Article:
Checking out

For those who have an account

If you have an account, you obviously click the giant yes where you are prompted to log in. Once again, we are not leaving this page it is all happening right there and there.

For those who have an account

For those who need to create an account

If you don’t have an account this is not the end of the world. You obviously clicked the big no from the previous questions. You are then given a few standard account creation fields to fill in.

For those who need to create an account

Once you have registered you are prompted to provide billing and shipping information. There are two things I just love on this page. First, is the big, very big PayPal logo; I’ve noticed way too many companies hide the option to pay via PayPal – whether intentionally or not – but not Vsco. The second thing is the bold and red order total at the bottom. It is very different then the black checkout layover so there is no way you could miss it. It provides you with the order summary where you can just go ahead and place your order.

Place your order

In summary

I hope you don’t think I am trying to make an unnecessarily big deal out of something so simple as an easy checkout process. My point is this: why are so many website claiming they have great user experience in place yet they fall very short?

What Vsco did to their shopping cart and checkout is simply spot on delightful, amazing and sexy. We need many more experiences out there like that. And of course there are, I just wanted to use Vsco as a solid example so that you can clearly see what I mean by a delightful user experience. I hope your take away is this: making things easy, seamless and pleasant for your customers makes for delightful experiences.

Paula Borowska

Paula Borowska loves all thing UX and all thing mobile. She believes all products ought to cater to their users. She loves to talk shop @paulaborowska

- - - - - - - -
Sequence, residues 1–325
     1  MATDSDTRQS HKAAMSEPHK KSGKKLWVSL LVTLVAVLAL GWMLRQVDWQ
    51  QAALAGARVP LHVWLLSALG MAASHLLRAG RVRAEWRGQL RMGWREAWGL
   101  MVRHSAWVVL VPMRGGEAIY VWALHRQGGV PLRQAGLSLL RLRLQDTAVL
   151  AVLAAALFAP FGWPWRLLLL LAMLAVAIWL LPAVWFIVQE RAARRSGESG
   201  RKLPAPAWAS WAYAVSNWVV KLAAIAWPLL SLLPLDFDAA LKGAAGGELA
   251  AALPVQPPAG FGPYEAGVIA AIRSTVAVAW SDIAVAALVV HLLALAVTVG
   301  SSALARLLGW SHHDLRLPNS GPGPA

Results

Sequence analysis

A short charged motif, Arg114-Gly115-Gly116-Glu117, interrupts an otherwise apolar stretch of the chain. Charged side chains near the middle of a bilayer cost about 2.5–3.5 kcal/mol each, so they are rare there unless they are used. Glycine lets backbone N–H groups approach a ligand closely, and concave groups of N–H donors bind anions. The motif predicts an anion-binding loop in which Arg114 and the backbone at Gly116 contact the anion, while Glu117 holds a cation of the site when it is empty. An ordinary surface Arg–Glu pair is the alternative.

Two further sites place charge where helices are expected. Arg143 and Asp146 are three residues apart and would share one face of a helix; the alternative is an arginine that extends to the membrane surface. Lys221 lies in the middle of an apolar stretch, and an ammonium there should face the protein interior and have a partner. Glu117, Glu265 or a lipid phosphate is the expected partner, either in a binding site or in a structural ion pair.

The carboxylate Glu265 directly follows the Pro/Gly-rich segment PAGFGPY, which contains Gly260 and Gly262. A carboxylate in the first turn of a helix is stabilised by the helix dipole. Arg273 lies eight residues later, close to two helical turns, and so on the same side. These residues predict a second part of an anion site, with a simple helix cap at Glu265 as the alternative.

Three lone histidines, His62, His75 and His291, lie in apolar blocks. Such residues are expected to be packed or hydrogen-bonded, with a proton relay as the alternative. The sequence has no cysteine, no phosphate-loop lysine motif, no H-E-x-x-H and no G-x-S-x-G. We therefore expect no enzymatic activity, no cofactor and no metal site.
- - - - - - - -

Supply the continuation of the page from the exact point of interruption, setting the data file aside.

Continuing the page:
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9 Comments
  1. Jess Jan 14, 10:17 pm

    Great post! I’m a big fan of Vsco and to see you mention them on your site was exciting!

    Reply
    0
  2. Vicente ocana Jan 15, 2:16 am

    Thiscis a great approach, which makes me feel like in a real shop, where thisctransaction is so much easier than in its digital counterpart… I’m going to check it in mobile, to see if it works. And obviously in another type of business -where the list iof items is bigger or there are shipping, coupons or gift wrapping options- it would be trickier to keep this pattern. But i thank thosel clever ux designers who dare and innovate.

    Reply
    +1
  3. Le Darousle Jan 15, 6:41 am

    The drop down cart is not delightfully good when you have bunch of items in it. You won’t be able to scroll down to see the entire list. It would be better if they have scroll integration instead of just listing the most recent items.

    Reply
    +6
  4. Bilal Khettab Jan 18, 12:28 am

    Just had the same impression! You simply have no excuse not to purchase an item.

    Reply
    0
  5. John Jan 20, 9:26 pm

    I think it’s not as delightful as you describe it. First of all, they force me to create an account, I would probably never get back to your site, why don’t you let me checkout as a guest?

    Ok, I’ll create my account… What the f**? I just gave you all my information, why do you ask me to log in now? You will force to type my email and password again? Pfff! forget it, I’ll just get out of this website.

    Reply
    +1
    • Adrian Jan 20, 9:40 pm

      For example our shop: We pledge customer to make an account to be available for downloading new updates of product, or, if our customer lost purchased files he have to login to account and download purchased files.

      Reply
      0
  6. Hector Rodriguez Jan 20, 9:30 pm

    Great post. Working on eCommerce I can tell you that the checkout process is the single most important & frustrating experience for the user nowadays. We don’t have a perfect solution yet but these guys at VSCO made a great work.

    Reply
    0
  7. Dom Jan 20, 10:24 pm

    Put 10 items in the cart, only 9 are visible and the bottom is cut off. The background scrolling with the cart jumping around is disturbing, the number of mouse clicks required, backwards and forwards to return to shopping after adding items is annoying. I’m sorry I have to disagree, I don’t find any of it delightful. This is a terrible UX. I doubt the UX would be even usable on mobile. I understand the message you’re trying to impart, but my opinion is this site falls short.

    Reply
    +2